Unschooled children learn what they want to learn, when they want to learn it.
This is confronting for a lot of people.
They say to me “but there are certain things children need to know!”
I’m sure there are. The thing is, there is no universal set of knowledge that is necessary for all of us. We all have different lives and will need different skills at different times. We can’t possibly predict what will be useful for each child in the future.
What we do know is that children are perfectly capable of learning and they will learn everything they need to know, when it becomes meaningful and relevant.
This lack of control scares people. They do not trust that children will learn the things that seem vitally important to them. They especially don’t think children will be motivated to learn things that were made to seem tedious and painful to them at school.
But when there is no distinction between play and learning, when there is no force and coercion, when there are no ‘have to’s’, children do learn the things that they need to know. Yes, even things that you may have had to be forced to do at school.
For example, my 8-year-old has spent the past weekend learning the times tables. Something that I have been told they would never choose to do. People can not imagine a child voluntarily wanting to learn maths because they never got the chance to be interested in it themselves. They were forced before an interest even arose. Children at school are made to practice every day, whether they’re interested or not, whether they’re ready for the information or not. Consequently, most people end up hating maths. So how did this come about?
The girls have been listening to the audiobook of Roald Dahl’s Matilda (which I highly recommend, by the way, Kate Winslett reading it is fantastic! We listen on audible: here).
Miss 8 came to me one evening…
“Mum, I want to learn more times tables. Can you help me?”
“Sure. Where did you hear about times tables?”
“When we were listening to Matilda. They were doing times tables and she already knew them all.”
“Oh yeah, how would you like me to help?”
“I want you to ask me them and I will work them out, and you tell me if they’re right.”
“Actually, I’ll write them all down, because then I can always remember them.”
I then suggested that she use a grid to write them down because then she wouldn’t have to write as much and could find them all easily whenever she looked them up. I explained how that worked and she loved the idea and decided to do it that way.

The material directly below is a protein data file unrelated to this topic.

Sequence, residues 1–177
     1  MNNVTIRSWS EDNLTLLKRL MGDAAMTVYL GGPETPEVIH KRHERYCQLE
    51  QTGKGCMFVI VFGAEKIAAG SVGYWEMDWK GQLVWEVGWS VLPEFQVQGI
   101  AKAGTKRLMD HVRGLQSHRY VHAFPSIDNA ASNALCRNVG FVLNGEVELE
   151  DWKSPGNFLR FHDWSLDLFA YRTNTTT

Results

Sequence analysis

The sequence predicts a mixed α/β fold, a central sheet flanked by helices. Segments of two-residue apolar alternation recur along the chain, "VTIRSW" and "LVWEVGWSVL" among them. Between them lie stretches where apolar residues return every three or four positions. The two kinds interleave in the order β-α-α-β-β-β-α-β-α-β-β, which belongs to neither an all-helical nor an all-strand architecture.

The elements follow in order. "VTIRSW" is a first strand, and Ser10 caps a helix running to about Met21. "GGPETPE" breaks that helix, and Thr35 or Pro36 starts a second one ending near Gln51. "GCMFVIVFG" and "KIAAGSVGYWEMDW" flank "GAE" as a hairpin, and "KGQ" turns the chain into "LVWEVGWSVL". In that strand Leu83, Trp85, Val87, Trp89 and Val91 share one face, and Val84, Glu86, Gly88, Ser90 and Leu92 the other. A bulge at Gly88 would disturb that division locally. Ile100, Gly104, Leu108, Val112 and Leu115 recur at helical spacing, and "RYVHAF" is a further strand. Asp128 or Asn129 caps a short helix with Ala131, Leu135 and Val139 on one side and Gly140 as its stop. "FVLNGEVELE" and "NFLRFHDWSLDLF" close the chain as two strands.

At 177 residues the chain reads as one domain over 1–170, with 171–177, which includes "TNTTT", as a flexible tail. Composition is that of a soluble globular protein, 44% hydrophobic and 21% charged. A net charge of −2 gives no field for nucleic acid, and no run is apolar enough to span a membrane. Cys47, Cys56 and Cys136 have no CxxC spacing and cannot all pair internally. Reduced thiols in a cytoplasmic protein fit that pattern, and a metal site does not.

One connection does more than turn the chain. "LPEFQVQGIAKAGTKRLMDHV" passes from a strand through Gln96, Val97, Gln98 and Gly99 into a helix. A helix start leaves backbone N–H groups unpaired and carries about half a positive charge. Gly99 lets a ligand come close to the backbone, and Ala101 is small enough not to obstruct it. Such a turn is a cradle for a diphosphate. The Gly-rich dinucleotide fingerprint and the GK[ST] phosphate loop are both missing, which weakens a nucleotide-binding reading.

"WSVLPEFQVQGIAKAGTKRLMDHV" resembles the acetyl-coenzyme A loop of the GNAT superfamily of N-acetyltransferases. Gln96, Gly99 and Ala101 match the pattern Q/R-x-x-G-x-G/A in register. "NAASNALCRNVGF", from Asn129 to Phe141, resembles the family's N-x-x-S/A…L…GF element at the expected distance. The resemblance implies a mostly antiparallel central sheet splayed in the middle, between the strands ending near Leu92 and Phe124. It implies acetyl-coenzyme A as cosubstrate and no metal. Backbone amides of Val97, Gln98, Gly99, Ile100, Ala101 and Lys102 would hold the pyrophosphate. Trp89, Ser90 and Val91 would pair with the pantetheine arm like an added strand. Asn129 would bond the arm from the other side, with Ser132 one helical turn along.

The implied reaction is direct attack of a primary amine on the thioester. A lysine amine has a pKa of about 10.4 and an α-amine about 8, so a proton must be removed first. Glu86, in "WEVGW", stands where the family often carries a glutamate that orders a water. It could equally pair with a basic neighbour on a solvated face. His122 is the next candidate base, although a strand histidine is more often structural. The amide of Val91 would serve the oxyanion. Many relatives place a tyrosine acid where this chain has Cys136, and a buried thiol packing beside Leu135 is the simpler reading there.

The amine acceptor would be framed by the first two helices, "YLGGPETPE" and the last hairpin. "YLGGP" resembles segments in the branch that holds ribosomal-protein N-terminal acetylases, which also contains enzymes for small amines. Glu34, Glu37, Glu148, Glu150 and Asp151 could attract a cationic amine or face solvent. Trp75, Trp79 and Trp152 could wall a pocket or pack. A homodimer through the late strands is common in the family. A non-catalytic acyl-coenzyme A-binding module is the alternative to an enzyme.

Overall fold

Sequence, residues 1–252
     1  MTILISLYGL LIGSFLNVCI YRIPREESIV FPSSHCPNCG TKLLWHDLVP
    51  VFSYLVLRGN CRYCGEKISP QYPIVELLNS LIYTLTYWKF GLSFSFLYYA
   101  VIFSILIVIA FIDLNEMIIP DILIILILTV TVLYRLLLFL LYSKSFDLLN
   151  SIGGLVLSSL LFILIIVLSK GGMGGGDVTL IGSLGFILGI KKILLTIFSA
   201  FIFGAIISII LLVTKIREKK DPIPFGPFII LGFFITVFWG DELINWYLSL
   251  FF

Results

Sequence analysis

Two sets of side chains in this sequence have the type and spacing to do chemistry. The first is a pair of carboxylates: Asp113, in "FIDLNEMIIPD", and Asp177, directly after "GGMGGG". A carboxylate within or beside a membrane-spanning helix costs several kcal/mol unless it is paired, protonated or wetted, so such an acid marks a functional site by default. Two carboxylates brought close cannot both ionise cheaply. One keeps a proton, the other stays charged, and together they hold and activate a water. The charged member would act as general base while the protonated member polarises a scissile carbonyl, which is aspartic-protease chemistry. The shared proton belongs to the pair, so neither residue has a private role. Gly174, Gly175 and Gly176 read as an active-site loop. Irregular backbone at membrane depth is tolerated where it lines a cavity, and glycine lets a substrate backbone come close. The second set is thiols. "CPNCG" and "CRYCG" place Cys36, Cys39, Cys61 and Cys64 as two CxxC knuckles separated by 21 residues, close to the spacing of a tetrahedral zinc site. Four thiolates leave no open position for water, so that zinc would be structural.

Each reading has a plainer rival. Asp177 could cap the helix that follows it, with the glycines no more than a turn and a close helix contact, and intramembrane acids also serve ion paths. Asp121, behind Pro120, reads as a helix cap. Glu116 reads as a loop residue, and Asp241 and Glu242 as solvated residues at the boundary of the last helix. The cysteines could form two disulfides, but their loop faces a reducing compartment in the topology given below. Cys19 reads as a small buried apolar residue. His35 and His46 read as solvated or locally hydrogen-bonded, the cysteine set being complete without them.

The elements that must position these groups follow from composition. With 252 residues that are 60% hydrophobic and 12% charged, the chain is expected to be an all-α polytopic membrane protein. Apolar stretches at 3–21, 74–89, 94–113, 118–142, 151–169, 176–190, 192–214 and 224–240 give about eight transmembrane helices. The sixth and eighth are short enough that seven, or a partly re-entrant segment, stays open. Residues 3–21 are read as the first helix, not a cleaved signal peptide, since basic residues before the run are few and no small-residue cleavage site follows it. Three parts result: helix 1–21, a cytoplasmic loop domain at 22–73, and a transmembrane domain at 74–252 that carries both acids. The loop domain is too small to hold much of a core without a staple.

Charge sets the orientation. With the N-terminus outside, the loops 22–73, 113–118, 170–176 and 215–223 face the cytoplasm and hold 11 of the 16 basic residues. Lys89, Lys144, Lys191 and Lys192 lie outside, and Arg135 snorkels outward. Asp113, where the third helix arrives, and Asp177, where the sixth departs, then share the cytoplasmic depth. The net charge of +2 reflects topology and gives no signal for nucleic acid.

She used an abacus to help her with some of the answers.
At this point she realised there was a pattern and that she could copy the answers horizontally and vertically. She also figured out that she didn’t have to start at the beginning to work out each sum, she could just count on from the last answer.
Miss 6, seeing her sister working on multiplication, decided she wanted to do some maths too. She said “I don’t think I’m ready for all the times tables, but can you write me some plusses?”. I love how they know what they are ready for and don’t feel pressured to keep up with others.
The next morning both girls were back to it.
And so, both kids spent the weekend finding joy in maths. Because children don’t need force to learn. They don’t need rewards and praise. They don’t need rules and timelines. They just need freedom.
They will learn what they need to know, when it is relevant.
Bizarrely, sometimes people still ask ‘But what about if something never becomes relevant? How will they learn it?’ Surely the question is, if something is never relevant, meaningful, or necessary to a person then why on earth do you believe they should be forced to learn it?
Our schooling has led us to believe that we do not know what is best for us, only teachers do. That it is perfectly acceptable to dictate to another person what they should find important. That only official ‘educators’ can determine what is necessary for us to learn. Even if we don’t want to, even if it is not useful to us, even if we are not ready to learn it, even if we don’t agree. How disempowering.
I don’t know about you, but I’m taking back my power. I will use my mind how I want to, and so will my children. In fact, despite the pressure, I never did memorise my times tables at school. They weren’t meaningful to me at the time. And would you look at that, I’m still a functioning human being.
So will unschoolers learn their times tables? Maybe, maybe not. But they will learn what matters. Including that they have the right to decide on their own path.
This post is part of a series of posts documenting our day-to-day life as an unschooling family. Sometimes it’s hard to picture what unschooling looks like, so here I hope to provide a little window into the kid’s life and learning. This is just an example of what unschooling can look like, but it’s very different for each family. It’s not designed to be read as an ‘activity idea’ that you can set up for your child, but an account of four inspired young people who have the freedom to learn how and what they desire.